|December 26, 2011 | Cuba, Photos By J.Yuenger, Travels
Cerro, Havana, Cuba. We convince Cousin Augusto to take us to an exhibition baseball game at the Estadio Latinoamericano, home of the Industriales, Havana’s home team. Augusto warns us that foreigners aren’t expressly forbidden to come here, but they’re not exactly encouraged either, and that we should avoid talking or drawing attention to ourselves in any way.
This week, thanks to Augusto and Ramón, we have gotten to go several places which are normally off limits to tourists. Every time, we try to make ourselves invisible, but people make us immediately and address us in English. I ask Augusto about this and he says that it’s not our height, or our Levi’s, or our tattoos, and that we don’t even have the uniquely American way of carrying ourselves which many travelers from the U.S. do. “ They can just smell it on you “, he says.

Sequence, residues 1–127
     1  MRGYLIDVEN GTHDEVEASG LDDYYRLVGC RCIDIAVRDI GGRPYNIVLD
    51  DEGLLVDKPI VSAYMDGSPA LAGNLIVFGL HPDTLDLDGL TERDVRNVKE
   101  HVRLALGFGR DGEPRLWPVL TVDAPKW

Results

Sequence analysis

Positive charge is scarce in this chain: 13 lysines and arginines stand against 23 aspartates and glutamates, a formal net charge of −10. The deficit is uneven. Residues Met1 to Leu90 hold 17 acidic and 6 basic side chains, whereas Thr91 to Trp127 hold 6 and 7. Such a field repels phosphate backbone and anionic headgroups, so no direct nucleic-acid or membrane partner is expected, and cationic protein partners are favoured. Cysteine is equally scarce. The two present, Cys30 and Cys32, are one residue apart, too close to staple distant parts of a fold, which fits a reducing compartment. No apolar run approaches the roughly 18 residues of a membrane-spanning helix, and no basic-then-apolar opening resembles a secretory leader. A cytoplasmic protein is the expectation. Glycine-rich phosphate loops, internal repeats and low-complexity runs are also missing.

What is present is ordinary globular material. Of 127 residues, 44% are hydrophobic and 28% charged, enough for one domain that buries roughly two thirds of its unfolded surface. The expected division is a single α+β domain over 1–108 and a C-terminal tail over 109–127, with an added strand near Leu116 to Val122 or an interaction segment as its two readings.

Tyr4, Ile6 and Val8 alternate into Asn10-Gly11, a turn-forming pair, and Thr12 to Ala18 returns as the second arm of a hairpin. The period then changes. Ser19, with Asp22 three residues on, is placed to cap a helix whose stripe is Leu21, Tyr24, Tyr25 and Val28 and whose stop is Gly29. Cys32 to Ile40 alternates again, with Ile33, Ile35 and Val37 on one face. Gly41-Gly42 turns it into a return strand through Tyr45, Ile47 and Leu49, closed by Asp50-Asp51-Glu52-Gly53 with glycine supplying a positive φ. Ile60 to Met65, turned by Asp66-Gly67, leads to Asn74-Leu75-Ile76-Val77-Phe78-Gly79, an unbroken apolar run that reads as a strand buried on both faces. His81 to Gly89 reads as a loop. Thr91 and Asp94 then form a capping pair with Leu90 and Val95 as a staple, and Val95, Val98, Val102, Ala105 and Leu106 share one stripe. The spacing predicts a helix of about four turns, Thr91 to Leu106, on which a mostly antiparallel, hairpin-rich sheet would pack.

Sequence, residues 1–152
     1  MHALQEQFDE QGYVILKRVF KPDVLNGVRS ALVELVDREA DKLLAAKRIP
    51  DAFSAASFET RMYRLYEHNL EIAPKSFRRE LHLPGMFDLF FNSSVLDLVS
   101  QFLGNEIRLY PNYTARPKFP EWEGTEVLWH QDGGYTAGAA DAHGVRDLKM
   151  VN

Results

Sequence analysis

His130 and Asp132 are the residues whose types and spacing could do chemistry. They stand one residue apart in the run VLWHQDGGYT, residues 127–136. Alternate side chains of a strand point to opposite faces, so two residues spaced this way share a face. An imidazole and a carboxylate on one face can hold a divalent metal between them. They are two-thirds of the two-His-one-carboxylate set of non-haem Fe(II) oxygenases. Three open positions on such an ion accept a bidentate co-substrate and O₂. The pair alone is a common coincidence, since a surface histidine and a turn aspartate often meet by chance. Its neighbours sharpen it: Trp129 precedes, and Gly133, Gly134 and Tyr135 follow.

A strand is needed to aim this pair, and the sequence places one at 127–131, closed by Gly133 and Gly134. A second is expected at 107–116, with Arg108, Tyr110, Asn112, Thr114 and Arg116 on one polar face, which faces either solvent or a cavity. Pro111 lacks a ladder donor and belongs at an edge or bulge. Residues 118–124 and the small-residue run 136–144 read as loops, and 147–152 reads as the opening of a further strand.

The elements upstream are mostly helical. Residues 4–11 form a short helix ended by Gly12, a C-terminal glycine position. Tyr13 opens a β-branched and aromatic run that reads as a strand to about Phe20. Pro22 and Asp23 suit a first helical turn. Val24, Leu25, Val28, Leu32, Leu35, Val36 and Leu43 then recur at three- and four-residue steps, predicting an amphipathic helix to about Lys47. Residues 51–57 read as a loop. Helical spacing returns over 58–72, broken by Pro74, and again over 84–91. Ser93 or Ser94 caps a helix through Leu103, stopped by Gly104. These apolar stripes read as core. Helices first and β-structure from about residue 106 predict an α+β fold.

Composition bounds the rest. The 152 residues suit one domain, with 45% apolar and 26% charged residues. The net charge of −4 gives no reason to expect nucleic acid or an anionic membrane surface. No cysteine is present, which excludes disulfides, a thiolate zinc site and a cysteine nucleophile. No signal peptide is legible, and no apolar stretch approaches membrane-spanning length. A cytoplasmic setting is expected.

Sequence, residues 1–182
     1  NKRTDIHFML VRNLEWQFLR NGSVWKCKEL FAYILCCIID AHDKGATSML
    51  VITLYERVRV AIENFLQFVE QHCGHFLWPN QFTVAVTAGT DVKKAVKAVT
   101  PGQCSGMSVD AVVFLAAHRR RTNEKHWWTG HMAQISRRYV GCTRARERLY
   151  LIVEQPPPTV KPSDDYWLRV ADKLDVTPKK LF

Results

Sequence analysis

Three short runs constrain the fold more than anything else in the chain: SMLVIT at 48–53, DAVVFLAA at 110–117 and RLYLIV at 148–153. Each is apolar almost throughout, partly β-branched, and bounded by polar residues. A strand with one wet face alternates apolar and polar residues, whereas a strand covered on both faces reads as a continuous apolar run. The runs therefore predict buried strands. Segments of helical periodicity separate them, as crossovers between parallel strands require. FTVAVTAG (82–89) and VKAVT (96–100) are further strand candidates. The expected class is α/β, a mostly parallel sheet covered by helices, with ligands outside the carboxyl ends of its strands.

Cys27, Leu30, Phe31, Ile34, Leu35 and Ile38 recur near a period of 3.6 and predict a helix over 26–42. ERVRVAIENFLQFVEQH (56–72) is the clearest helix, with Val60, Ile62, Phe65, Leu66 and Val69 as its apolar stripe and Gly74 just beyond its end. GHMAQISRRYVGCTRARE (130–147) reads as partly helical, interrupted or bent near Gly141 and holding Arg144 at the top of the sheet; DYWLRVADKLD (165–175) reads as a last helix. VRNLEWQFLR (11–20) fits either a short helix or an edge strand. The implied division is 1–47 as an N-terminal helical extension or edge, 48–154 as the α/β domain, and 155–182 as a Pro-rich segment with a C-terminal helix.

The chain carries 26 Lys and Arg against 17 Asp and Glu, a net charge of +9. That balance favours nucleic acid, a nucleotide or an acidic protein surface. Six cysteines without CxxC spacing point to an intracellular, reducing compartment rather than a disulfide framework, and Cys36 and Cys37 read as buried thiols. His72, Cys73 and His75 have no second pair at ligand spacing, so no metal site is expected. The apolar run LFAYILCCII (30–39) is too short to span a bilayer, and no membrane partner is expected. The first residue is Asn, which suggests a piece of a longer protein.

We get through the gate without much trouble, and the cost of a ticket is something like nine cents, which I pay for with some tattered Cuban pesos I’ve gotten on the black market. ( a thing which I’ve never seen anywhere else : there are two systems of currency here – the Cuban peso, which is for natives, and the CUC, which is for visitors. More on that here )
Augusto describes the legions of secret police and sharpshooters who descend on the place when Fidel attends games, and points out the box where he sits, which is right in front of us. A few people watch us sideways, but they are genuinely interested in the game, a languid affair that they follow intently. There are no concession stands, just a few people walking around hawking food that they made at home. An old guy comes by selling coffee out of a battered teapot. ” Cuánto? “, I ask, but he refuses to sell me a cup. ” That’s okay, you don’t want to drink that shit ” says Augusto.
The sun starts to set, and the old concrete glows pink. Lights click on and buzz, and the breeze carries warbling announcements and the occasional flanging crack of a bat. A kid walks around the bleachers and blasts a horn that looks like it was made from an old radiator. There are no billboards, and no one has a cel phone. Everyone is right here, in the moment, and I find that I am content to sit very still and think about absolutely nothing.